Because of the uneven distribution of yeast cells through the fermenting wort, especially in large vessels, accurate direct quantification of the yeast, and therefore measurement of its growth rate, is extremely difficult and in many cases impossible. However, investigations carried out by the authors show that there is a fairly close relationship between the reduction in the "TNBS nitrogen" (assimilable nitrogen as determined by spectrophotometric measurement of the end product of a reaction between assimilable amino acids, peptides or proteins and 2,4,6-trinitrobenzene-1-sulphamic acid (TNBS)) content of the wort during fermentation and the multiplication of the yeast over the same period. It is concluded that this reflects the utilisation of a constant amount of assimilable nitrogen in the formation of each new yeast cell, calculated to average 1.5 micrograms per million cells. For brewery process monitoring purposes, it may be necessary to adjust the formula for calculation to allow for variations in temperature and cell size, which can affect the uptake rate. Since yeast growth rates can be increased or reduced by varying the oxygen or assimilable nitrogen content or the temperature, it should then be possible to correct any excess or inadequacy which is discovered.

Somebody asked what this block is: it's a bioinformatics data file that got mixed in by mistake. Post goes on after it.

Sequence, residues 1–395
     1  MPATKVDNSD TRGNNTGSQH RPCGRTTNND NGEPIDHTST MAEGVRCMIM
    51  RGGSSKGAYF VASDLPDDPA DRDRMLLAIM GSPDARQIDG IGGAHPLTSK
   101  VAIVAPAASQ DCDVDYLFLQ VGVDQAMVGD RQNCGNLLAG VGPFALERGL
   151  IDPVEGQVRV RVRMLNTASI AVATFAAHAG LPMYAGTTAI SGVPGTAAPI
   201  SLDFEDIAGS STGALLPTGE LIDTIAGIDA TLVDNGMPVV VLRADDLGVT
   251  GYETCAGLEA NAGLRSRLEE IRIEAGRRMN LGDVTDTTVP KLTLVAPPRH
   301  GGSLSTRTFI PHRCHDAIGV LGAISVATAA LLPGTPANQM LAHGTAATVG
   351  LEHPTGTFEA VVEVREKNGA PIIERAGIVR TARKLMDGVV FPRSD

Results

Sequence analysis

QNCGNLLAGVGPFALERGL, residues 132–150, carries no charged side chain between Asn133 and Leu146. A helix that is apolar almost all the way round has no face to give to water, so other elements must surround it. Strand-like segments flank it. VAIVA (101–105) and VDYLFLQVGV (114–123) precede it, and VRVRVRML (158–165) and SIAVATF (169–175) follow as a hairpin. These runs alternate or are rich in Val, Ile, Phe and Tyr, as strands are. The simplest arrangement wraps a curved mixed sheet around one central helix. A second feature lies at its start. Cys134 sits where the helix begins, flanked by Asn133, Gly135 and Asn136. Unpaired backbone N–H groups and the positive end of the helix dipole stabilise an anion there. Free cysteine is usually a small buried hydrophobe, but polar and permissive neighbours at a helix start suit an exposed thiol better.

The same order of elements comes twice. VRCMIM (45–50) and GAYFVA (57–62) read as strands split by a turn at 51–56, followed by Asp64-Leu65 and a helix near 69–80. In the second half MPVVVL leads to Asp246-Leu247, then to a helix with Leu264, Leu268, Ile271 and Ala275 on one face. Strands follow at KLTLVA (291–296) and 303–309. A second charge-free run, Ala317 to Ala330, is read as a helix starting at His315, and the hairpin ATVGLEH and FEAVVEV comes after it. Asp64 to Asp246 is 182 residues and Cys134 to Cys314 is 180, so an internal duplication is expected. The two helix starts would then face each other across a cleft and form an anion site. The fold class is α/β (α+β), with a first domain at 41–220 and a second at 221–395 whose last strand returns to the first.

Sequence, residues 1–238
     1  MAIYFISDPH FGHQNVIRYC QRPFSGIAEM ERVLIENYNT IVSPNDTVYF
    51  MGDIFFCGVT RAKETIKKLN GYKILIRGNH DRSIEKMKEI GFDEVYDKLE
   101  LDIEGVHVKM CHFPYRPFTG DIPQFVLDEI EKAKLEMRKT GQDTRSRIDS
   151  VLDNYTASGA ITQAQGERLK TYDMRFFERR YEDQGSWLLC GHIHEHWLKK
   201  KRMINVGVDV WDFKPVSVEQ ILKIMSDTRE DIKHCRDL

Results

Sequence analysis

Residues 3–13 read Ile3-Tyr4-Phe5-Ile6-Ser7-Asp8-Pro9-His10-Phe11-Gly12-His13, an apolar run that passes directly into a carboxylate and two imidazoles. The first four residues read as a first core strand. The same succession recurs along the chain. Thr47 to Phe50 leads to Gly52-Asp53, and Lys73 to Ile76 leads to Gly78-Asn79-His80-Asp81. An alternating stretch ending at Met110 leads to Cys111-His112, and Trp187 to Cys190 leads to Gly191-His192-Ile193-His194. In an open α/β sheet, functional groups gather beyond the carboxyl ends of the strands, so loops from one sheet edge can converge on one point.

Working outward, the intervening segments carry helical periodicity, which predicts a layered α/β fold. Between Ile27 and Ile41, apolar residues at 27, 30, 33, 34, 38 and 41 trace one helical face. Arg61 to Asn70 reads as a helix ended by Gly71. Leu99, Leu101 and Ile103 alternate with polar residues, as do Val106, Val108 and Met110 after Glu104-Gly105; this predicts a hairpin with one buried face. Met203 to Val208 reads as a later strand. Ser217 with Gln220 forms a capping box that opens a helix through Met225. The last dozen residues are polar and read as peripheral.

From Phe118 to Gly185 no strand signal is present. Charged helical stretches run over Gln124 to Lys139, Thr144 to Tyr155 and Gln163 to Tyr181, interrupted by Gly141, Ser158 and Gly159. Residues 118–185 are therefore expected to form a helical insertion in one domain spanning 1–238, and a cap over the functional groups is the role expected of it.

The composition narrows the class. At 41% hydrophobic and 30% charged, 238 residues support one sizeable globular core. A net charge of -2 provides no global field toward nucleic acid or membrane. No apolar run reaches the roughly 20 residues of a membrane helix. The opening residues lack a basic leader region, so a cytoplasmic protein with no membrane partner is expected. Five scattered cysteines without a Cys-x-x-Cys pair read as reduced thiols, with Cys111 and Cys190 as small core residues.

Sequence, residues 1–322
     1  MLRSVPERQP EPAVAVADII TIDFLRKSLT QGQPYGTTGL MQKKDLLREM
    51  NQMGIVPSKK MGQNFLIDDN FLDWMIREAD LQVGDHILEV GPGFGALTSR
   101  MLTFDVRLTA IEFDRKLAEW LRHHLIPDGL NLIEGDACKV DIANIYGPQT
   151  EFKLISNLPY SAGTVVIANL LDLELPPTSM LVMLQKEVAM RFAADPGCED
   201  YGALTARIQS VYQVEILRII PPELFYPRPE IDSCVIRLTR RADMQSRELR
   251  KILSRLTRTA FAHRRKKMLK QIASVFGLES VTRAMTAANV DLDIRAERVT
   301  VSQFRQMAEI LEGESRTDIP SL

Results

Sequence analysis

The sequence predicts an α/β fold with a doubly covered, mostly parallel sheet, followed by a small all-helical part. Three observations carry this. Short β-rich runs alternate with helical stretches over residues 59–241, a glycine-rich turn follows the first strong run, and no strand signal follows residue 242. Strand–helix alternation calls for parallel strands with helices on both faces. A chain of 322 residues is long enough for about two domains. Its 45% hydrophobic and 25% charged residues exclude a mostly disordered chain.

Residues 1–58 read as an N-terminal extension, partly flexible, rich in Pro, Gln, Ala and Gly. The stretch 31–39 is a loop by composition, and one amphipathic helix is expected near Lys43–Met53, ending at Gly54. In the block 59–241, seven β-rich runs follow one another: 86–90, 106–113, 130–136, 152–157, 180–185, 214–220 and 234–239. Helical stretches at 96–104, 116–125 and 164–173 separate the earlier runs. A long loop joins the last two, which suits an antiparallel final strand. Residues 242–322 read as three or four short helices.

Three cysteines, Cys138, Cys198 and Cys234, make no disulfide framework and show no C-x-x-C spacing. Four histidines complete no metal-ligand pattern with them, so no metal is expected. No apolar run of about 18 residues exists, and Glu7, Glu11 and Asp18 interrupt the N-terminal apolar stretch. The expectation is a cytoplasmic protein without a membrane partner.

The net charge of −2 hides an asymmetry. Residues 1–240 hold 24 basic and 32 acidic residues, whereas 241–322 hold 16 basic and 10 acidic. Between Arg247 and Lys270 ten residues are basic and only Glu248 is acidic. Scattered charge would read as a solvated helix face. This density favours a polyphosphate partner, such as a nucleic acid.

Keywords : analysis assimilation brewers' yeast fermentation growth nitrogen content process control wort